Vengeance Isn’t Mine

Vengeance Isn’t Mine March 6, 2013

Bring me a fountain pen dipped in blood! And the skin from his back for parchment on which to pen this post!

At least that’s how I felt two months ago when S.L. saw fit to call my wife one morning and lay into her for how she had handled a matter pertaining to the upcoming school auction.

The details are insignificant, only that S.L. had not been properly informed of a decision that involved a friend he had suggested for the auctioneer. But rather than express his displeasure as any rational adult and fellow school parent would, he felt justified in aggressively demanding an apology from my wife, only to bully onward after she said she was sorry and tried to explain what had happened.

Did it not occur to him that I might be home to witness the call? To see her brought to tears in the aftermath? Did it not occur to him that I might be the kind of husband who would land him in the hospital by day’s end?

My wife, who is no wilting flower (as our own disputes often attest), now had another hotheaded male on her hands when she hung up the phone.

I was out of my mind. Do I call the jerk back, I wondered, and tear into him twice as hard as he had into her, demanding an apology whose only alternative was a beat-down? Better yet, head to his apartment and say the same to his face?

Or maybe call his wife to ask if she was privy to the incident on their end. If so, how could she let her husband talk in that tone to another woman and friend?

Like I said: out of my mind.

Of course the better part of me knew the right thing to do was nothing at all—at least nothing volatile. But that didn’t stop the bitter part of me from carrying out some very volatile fantasies of retribution.

The reel of violent images behind my eyes was all the more disturbing for the fact that I’m a screenwriter. This incident was not a month after the grade school massacre in Newtown, an event that left me feeling more tainted than usual for making my living in the trigger-happy industry of Hollywood.

But as I slipped into a sickening vortex of my own making, I experienced viscerally what at times I only recognize intellectually: custodialism of the culture is all fine and good, and essential in my opinion, but the real problem lies in the monolithic human heart beside which all the theater screens in the world shrink in comparison.

What would I do when I ran into S.L. in the neighborhood? And when would it happen?

Would it be days, weeks, even months before the rubber met the road—perhaps his face with it—would the Christian meet the barbarian in my divided self?

It happened the next day, as it turned out, and in a manner that practically felt choreographed to subvert my anticipatory temper:

Running late with my daughters to school, I was caught up in conversation with a friend as we walked down the sidewalk to the entrance. Only at the last the moment did I notice S.L. checking his cellphone as he passed me walking the other direction.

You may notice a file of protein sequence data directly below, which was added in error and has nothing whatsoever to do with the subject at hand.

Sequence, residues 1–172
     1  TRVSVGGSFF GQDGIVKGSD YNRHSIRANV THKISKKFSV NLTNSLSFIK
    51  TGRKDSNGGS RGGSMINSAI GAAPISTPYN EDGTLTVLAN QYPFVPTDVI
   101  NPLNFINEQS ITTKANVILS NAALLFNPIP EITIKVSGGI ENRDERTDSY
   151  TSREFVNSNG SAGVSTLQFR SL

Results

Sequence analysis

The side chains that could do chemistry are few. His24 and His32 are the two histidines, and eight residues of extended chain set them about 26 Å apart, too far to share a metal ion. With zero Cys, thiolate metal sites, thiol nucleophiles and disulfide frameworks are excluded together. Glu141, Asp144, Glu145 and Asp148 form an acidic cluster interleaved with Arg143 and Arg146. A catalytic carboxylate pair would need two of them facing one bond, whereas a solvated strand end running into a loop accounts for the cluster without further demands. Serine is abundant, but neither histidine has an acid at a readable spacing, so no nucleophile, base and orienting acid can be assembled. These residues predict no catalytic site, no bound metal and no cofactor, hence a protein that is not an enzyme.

I kissed my daughters goodbye, then stood there looking down the street as a very short film titled “Smackberry” played across my mind. In it I see S.L. in advance, walking toward me, knowing that he made a call only because he saw me coming. As we pass each other I smack the Blackberry from his hand and ram him up against the bus outside the school. “Next time, pick on your own gender, you….” I release a string of expletives.

I walked halfway back down the street, then thought better of it. But this didn’t stop me from hosting a veritable festival of such films the rest of that day and into the night.

Then I called my older brother and he did the most amazing thing: he prayed for me. Right there on the phone, in such a sympathetic yet transcendent manner that I found myself crying for reasons I didn’t fully understand.

Such was the burden of the sins of the father that—short of crushing me—when it lifted I broke.

Stories of Dad sticking up for his family are legend: countless school fights on behalf of his mentally handicapped brother… the time he cold-cocked a drunken fan at a Rangers game who turned his profanity on them when asked to watch his language in front of my brother… the time he knocked out Mr. Schaeffer in his front yard for harassing me and my siblings when we were playing after school.

Perhaps not model behavior, but good luck turning the other cheek if you grew up in an abusive, alcoholic Irish-Catholic household where the preferred rod of punishment was a coat hanger. I can only imagine what the rod used on his father was back in County Cork.

So to hear my older brother—who, unlike me, had once been a true pugilist perhaps due in part to his earlier slot in the birth order—speak to the spirit of not only letting go, but even praying for S.L. and his own blocked contrition, hit me with a softness no less impactful than any of the imaginary blows I had inflicted on S.L.

Father, forgive them, for they know not what they do.

Is there any more radical verse in the Scriptures than this? Surely a close second would be Jesus’s silence before Pontius Pilate.

How did he do it? How did he keep quiet?

The auction is next week. I would do well to make a Lenten bid for the One who was oppressed and afflicted, who like a sheep before its shearers, opened not his mouth.

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